Personal and lucid, the poems range from short, observational pieces (“Being a pallbearer in the morning/and a best man later that night,/was my lesson of living in the present”); though profiles (“Uncle Randle”: “… because of the dexterity of his right hand …/ He taught me how to look at both sides”); to longer narratives, of which, the affecting ”My Brother’s Keeper” traces life divergences of best friends from boyhood: “…You spent the most quality time in one year as you ever/had with your father,/as each other’s cellmate in prison….”
It’s a collection you’d give to someone who mistakenly believes he can’t relate to poetry.
And Márquez Price’s poetic train is decidedly on schedule.
— Christine Wald-Hopkins “Talk About Art! Shared Experiences in Art and Poetry” By Chuck Albanese and Ned Mackey. Forewords by “Big Jim” Griffith and Diana Madaras. Wheatmark. $29.95.
This collection of “ekphrases” by painter Chuck Albanese and poet Ned Mackey is a delight to the eye and a tweak to the imagination. To each of the 28 paintings by Albanese, Mackey provides a response in poetry (the “ekphrasis”). His third collection of ekphrases, retired TUSD English teacher Mackey then invites the reader to write some as well.
Architect, retired professor and former University of Arizona architecture dean, Albanese draws from life experiences for his evocative paintings: for decades, he led painting trips to Greece and Italy. Many of his watercolors and oils thus depict affecting seaside or village scenes — boats; village men in quiet contemplation or afternoon cards or chess. The collection includes local urban and desert scenes.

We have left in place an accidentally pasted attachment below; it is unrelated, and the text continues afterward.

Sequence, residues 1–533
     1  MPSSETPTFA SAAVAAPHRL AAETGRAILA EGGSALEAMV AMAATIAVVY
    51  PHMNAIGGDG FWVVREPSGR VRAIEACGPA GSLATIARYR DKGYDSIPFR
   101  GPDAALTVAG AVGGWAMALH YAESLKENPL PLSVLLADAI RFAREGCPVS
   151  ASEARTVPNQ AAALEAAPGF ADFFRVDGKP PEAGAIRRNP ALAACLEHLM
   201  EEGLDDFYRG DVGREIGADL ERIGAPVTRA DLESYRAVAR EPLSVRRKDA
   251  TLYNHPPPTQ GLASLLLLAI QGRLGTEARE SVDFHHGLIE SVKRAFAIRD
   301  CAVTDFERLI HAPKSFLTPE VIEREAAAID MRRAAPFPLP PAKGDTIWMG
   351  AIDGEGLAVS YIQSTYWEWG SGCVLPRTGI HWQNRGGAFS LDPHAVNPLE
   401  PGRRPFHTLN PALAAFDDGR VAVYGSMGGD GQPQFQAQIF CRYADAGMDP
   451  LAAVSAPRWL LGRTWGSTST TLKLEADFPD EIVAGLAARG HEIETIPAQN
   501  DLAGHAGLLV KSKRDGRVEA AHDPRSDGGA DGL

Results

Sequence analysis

Albanese’s most vivid paintings are religious in nature. And one of them — “Our Lady of the Persecuted Christians” — provokes its richest artistic conversation: To the work of the Christian painter by the agnostic poet, Mackey writes: “Centered, Christ, wise beyond his years/ … already knowing the end of everything/ He blesses us anyway, believer or not.” Lovely.
— Christine Wald-Hopkins
Helene Woodhams is retired from Pima County Public Library, where she was literary arts librarian and coordinator of Southwest Books of the Year, the library’s annual literature review.
Christine Wald-Hopkins, a former educator and occasional essayist, has long been a book critic for national, regional and local newspapers.
If you are a Southern Arizona Author and would like your book to be considered for this column, send a copy to: Sara Brown, P.O. Box 26887, Tucson, AZ, 85726-6887. Give the price and contact name. Books must have been published within a year. Authors may submit no more than one book per calendar year.